Bay Area Headlines: Tuesday, 7/7/20, PM | KALW

Bay Area Headlines: Tuesday, 7/7/20, PM

Jul 7, 2020

COVID-19 Outbreaks Forcing New Changes in CA / California Politicians And Spouses’ Companies Benefit From The PPP

COVID-19 Outbreaks Forcing New Changes in CA

A coronavirus outbreak in the California Legislature has indefinitely delayed the state Assembly’s return to work from a scheduled summer recess. Speaker Anthony Rendon's office confirmed five people who work in the state Assembly have tested positive for the coronavirus. That includes Assemblywoman Autumn Burke, a Democrat from Inglewood. She’s believed to have been infected while on the Assembly floor last month when lawmakers returned to the state Capitol to approve a $202.1 billion budget.

The Assembly was scheduled to return to work next Monday

Many state legislatures shut down earlier this year as the pandemic took hold of the U.S., including California, where lawmakers missed nearly two months of work. That was the first unscheduled recess in 158 years. But many legislatures eventually returned to work with restrictions in place to limit the spread of the virus.

In California, those restrictions included mandatory masks for lawmakers on the floor, plus physical distancing in the chamber. Burke said both she and the person who exposed her to the virus were wearing masks.

The delay comes as more young people are getting the coronavirus in California, fueling a surge of hospitalizations across the state and prompting Governor Gavin Newsom’s administration to step up enforcement of new restrictions on bars and restaurants.

Statewide, coronavirus hospitalizations have increased 56% in the past two weeks while the number of confirmed cases has jumped 53%. In L.A. County, people between the ages of 18 and 40 now account for a quarter of all coronavirus hospitalizations — up from about a tenth in April.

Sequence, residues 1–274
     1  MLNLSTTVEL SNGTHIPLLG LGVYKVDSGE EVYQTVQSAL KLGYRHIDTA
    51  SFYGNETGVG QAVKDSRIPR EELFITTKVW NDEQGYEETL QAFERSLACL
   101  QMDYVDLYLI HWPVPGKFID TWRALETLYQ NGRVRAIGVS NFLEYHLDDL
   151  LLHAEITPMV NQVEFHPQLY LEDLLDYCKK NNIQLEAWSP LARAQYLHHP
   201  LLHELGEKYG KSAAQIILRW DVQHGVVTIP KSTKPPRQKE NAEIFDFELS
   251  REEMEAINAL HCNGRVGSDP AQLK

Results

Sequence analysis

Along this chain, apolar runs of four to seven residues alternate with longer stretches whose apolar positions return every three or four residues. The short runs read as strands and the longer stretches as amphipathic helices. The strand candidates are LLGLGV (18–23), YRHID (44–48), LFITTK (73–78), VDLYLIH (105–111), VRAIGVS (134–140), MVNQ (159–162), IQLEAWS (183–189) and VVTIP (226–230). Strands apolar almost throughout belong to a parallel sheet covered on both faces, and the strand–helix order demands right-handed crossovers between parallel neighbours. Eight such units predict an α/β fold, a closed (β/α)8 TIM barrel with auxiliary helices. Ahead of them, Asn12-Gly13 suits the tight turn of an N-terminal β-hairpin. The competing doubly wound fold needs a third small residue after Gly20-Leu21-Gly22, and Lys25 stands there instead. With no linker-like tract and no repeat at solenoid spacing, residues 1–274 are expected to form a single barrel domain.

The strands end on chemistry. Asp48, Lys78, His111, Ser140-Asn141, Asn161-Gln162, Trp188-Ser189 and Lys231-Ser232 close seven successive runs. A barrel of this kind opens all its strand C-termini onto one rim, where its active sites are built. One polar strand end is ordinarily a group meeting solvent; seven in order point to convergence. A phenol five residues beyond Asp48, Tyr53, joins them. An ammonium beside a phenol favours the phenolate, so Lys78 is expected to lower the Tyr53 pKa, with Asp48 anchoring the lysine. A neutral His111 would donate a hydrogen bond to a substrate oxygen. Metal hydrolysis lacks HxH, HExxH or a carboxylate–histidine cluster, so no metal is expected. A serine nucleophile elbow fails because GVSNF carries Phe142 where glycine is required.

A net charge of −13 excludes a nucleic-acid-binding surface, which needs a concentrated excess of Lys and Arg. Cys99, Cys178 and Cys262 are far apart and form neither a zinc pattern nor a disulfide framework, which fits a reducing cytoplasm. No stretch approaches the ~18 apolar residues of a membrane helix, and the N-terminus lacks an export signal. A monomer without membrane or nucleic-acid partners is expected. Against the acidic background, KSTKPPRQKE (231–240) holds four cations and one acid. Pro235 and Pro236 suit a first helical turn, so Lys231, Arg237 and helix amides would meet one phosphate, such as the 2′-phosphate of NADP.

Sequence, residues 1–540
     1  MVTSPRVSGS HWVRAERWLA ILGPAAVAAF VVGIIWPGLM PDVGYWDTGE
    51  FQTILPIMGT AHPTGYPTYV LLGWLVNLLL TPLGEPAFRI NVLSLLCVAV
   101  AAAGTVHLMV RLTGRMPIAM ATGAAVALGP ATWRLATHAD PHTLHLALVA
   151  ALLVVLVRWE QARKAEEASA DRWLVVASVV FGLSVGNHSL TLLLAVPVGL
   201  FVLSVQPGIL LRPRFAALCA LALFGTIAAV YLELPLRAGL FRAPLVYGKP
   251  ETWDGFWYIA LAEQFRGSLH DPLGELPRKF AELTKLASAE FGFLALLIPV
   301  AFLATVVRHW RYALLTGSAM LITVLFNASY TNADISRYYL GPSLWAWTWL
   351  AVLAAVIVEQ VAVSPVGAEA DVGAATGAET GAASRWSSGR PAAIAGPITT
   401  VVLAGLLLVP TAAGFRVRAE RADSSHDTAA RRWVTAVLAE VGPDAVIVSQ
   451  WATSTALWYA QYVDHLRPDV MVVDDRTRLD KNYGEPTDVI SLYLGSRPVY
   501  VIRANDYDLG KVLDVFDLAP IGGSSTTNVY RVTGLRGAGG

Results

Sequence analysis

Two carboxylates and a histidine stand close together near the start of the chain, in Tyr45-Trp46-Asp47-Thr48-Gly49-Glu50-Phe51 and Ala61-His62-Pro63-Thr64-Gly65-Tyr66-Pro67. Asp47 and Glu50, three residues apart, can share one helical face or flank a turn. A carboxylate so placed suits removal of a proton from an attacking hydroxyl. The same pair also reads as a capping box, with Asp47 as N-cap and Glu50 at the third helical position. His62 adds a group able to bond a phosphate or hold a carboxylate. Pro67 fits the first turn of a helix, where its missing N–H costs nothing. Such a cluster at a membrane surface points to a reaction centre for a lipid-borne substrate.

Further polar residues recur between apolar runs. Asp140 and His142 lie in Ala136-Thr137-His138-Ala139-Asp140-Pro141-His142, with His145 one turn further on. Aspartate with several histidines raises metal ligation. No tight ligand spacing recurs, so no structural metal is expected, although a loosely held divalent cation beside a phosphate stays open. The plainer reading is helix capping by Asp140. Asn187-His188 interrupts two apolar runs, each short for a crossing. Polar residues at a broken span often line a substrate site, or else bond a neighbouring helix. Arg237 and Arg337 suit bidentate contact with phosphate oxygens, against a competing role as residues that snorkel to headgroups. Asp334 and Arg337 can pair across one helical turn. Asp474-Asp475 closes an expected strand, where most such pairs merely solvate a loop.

Overall, more than half of the state’s nearly 74,000 hospital beds are occupied. Hospitals in Imperial County are overwhelmed, forcing the transfer of 500 patients to medical facilities in other counties.

In response, Newsom has ordered bars, indoor restaurant dining and other indoor businesses to close for the next three weeks in 23 of the state’s 58 counties.

California Politicians And Spouses’ Companies Benefit From The PPP

Businesses tied to California’s governor, lieutenant governor, and two of the state’s legislative leaders were among those that received federal loans aimed at keeping small businesses afloat during the coronavirus pandemic.

Plumpjack is a Northern California winery and hospitality company founded and partly owned by Newsom. it received a loan worth $150,000 to $350,000 from the Paycheck Protection Program, according to data released by the U.S. Treasury Department.

Before taking office as governor in 2019, Newsom announced he would step away from his businesses and put his assets in a blind trust managed by a family friend and attorney.

The vice president of marketing for PlumpJack Group said the governor "has no say in any decision we are making," and that the company was grateful to qualify for the aid. Federal data shows the loan helped save 14 jobs.

A labor consulting company led by state Senate Minority Leader Shannon Grove of Bakersfield received a loan within the same dollar range. According to data, that loan saved 365 jobs at the company.

A consulting firm founded and run by Jennifer LeSar, the spouse of state Senate President Pro Tem Toni Atkins, received a loan in the range of $350,000 to $1 million, helping retain 15 jobs. And Lieutenant Governor Elena Kounalakis's husband, Markos Kounalakis, directs a family-run real estate company that received a loan worth between $350,000 to $1 million.

Now, there’s nothing barring elected officials from applying for and receiving the loans. The public may never know the identity of more than 80% of the nearly 5 million beneficiaries to date because the Trump administration has refused to release details on loans under $150,000 received by the vast majority of borrowers.

That secrecy spurred an open-records lawsuit by a group of news organizations.

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